If nothing else, Pompeii is so unindicative of Paul W.S. Anderson’s style that it at least confirms he has one. Anderson’s last three features, the fourth and fifth installments of the Resident Evil series and his inexplicable, invigorating take on The Three Musketeers, are absurdities elevated by technical care. Master shots emphasize cavernous backgrounds and their lined proscenia; slow-motion highlights smooth, fluid action framing and cutting; and a sense of whimsy that is not ironic or uncaring but nonetheless aware of the opey, generic quality of the director’s stiff scripts and his adventurous image-making.
Practically none of that is on display with Pompeii, a wearyingly earnest disaster epic that only betrays flashes of Anderson’s cheek at the worst possible moments, injecting individual gags of gallows humor amid the pandemonium of mass extinction and generally inducing unintended laughs for how relentlessly the film remains anchored to its sub-Titanic love story between enslaved gladiator Milo (Kit Harington) and noblewoman Cassia (Emily Browning) even after Vesuvius finally blows its top. Their forbidden love sparks when Milo tends to a wounded horse by gentling bending down and snapping its neck, a macabre show of tenderness that is as close as the film ever comes to acknowledging how ridiculous it is.
Otherwise, Pompeii gets mired in a self-seriousness that does not become Anderson and bogs down the actors in the leaden dialogue of Janet Scott Batchler, Lee Batchler and Michael Robert Johnson. That leaves the actors to their own devices: Harington, whose every look on Game of Thrones communicates a deep sense of perseverance underneath a heartbreaking despair, never brings the same energy to the similar role here. Instead, he twists his face in a childlike scowl meant to convey his loathing of Romans, and in some shots he looks so blank it is as if someone took footage from between takes and put it in the final cut.
Browning fares slightly better as Cassia, who may instantly fall for a slave and generally exist to be rescued but displays a sharp political acumen that could have made her the protagonist of a film set anywhere else in Ancient Rome. (Browning lacks Joan Allen’s committed grit in Drag Race or Milla Jovovich’s sardonic, action-hero superiority in the Resident Evil movies, but her Cassia continues the trend of the most fleshed-out, remotely interesting characters in Anderson’s films being women.) The rest of the cast do what they can, from Kiefer Sutherland’s scenery-chewing as the Roman senator who massacred Milo’s Celtic tribe to Adewale Akinnuoye-Agbaje’s honorable gladiator rival Atticus, who does the best work with the lines by spitting them through clenched teeth.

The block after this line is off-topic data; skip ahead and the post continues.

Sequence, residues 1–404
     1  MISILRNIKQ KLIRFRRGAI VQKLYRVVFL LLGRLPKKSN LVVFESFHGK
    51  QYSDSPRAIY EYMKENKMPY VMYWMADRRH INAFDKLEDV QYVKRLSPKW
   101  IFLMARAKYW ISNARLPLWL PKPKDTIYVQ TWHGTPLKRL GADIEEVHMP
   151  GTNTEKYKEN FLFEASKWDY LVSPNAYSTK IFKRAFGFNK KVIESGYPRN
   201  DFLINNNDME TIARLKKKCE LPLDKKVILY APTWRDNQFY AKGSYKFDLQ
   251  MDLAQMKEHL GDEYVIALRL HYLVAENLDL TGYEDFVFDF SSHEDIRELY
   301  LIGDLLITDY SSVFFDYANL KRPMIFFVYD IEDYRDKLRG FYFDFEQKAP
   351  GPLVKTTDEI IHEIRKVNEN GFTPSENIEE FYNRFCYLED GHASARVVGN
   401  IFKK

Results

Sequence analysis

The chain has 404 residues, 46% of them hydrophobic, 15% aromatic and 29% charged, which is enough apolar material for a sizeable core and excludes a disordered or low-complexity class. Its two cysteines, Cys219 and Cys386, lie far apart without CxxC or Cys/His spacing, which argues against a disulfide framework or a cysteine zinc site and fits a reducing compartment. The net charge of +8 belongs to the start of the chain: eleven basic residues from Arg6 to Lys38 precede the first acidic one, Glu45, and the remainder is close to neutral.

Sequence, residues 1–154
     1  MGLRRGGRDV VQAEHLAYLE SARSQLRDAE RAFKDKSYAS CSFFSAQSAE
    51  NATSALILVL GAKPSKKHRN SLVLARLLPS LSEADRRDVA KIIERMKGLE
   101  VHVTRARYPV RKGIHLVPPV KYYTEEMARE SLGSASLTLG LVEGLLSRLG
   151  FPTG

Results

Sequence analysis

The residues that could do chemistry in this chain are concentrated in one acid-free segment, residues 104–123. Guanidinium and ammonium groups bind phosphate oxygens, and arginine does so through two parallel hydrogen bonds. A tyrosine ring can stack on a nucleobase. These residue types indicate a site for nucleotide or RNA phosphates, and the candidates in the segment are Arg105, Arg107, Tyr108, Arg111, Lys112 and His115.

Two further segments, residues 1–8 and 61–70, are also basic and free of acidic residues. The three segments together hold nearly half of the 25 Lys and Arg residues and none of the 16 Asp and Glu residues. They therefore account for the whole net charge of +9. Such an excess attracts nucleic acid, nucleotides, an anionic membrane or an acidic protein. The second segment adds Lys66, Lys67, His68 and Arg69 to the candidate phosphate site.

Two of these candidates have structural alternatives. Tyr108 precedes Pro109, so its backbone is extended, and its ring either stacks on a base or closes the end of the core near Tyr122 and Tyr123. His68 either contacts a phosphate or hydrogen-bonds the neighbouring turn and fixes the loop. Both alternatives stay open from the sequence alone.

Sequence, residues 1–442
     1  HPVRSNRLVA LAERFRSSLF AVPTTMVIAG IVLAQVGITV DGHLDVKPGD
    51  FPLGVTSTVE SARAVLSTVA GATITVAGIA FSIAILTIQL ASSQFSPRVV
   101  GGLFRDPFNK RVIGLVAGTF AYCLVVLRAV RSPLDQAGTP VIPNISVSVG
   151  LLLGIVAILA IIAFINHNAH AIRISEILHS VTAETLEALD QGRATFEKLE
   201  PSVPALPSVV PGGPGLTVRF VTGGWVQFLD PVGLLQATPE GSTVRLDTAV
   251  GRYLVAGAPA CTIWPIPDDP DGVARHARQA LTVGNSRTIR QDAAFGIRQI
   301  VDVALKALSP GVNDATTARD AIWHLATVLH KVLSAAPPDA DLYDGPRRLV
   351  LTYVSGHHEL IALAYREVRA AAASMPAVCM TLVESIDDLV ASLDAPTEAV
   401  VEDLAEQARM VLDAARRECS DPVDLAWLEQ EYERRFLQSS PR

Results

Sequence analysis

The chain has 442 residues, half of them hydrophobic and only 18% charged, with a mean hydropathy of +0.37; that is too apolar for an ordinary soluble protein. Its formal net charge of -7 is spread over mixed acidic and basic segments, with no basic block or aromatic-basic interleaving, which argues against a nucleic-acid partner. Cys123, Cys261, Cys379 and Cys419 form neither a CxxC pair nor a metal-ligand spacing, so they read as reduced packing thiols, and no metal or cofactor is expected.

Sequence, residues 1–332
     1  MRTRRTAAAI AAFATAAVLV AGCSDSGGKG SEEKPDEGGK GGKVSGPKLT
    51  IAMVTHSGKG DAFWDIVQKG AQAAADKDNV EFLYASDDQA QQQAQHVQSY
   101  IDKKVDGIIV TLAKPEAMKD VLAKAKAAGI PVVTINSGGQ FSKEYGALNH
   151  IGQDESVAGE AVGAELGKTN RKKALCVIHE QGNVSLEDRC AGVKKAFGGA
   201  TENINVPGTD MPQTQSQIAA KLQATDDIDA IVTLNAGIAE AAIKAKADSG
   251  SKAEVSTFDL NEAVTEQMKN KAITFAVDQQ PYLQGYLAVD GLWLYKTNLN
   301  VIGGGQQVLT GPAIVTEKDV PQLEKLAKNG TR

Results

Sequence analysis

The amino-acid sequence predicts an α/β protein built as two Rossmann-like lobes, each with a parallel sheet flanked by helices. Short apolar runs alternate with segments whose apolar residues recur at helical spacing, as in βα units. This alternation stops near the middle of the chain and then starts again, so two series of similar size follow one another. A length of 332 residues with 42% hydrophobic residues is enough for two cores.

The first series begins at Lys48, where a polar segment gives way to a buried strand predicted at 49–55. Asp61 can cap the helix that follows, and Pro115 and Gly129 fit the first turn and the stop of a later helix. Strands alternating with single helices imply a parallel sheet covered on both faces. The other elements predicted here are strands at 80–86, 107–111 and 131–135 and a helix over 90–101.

This motley assembly, collected by chance but revealing their divisions through their various approaches, might have worked given stronger material. But in porting over Titanic’s horror-as-backdrop-for-doomed-love narrative, Pompeii cannot replicate the kismet that made James Cameron’s film, at least from a functional standpoint, work. Titanic’s built-in social stratification, with its compartmentalized class areas, helped join the historical disaster with the imagined romance by directly tying the effects of the sinking to the characters: the kind-hearted, vivaciously vulgar poor among whom Jack takes Rose are the first to die and the ones who die in greatest quantities, while the idle rich established as oblivious and even villainous escape with their lives. But Pompeii’s lack of clear social definition and a sense of senators, commoners and slaves all existing in one great mass, renders its overcooked romance and revenge stories completely irrelevant, even grotesque when set against total destruction.
The best that can be said for the film is that its special effects are spectacular. The relatively lower budgets of Anderson’s blockbusters have led to wildly variable CG quality, but the eruption of Vesuvius may be the single greatest depiction of natural catastrophe the genre has ever given audiences. The film’s last third manages to sustain a constant sense of elevating horror even as the eruption wreaks total, widespread pandemonium from the start: ruining any hopes of escape by sea through earthquakes and tidal waves, sending molten boulders through every section of the city and blacking out the sky in a blizzard of ash. Only when the final wall of superheated tephra comes spilling down the volcano toward the thoroughly devastated city are the mountain’s effects made linear; otherwise, everything collapses at once, removing suspense in favor of simple dread. The final image of the last Resident Evil movie was a Boschian madhouse of monsters converging on humanity’s final bastion, but it is Pompeii that truly feels like a nightmare.
But even beautiful destruction is just destruction, in the end, and the film in every other respect fails to offer anything of value. Anderson’s gorgeous, relaxed establishing shots are few and far between, his eye for modern, angular architecture useless in digitally recreated classical construction. The gladiatorial scenes, shot in jittery close-ups to convey Milo’s almost inhuman speed in combat, replace the director’s capacity for more old-school action for its incomprehensible, contemporary cousin. An opening sprint through expository setup agreeably barrels past the unnecessarily detailed character profiles that riddle blockbusters now, but that ends up leaving the characters so skeletally outlined that their motivations and actions carry no weight. That would work if the film treated its characters as just the ones the camera happened to follow leading up the death of a city, but the dramatic irony hanging over the picture only makes the inadequacy of their positioning as evocative archetypes all the more apparent.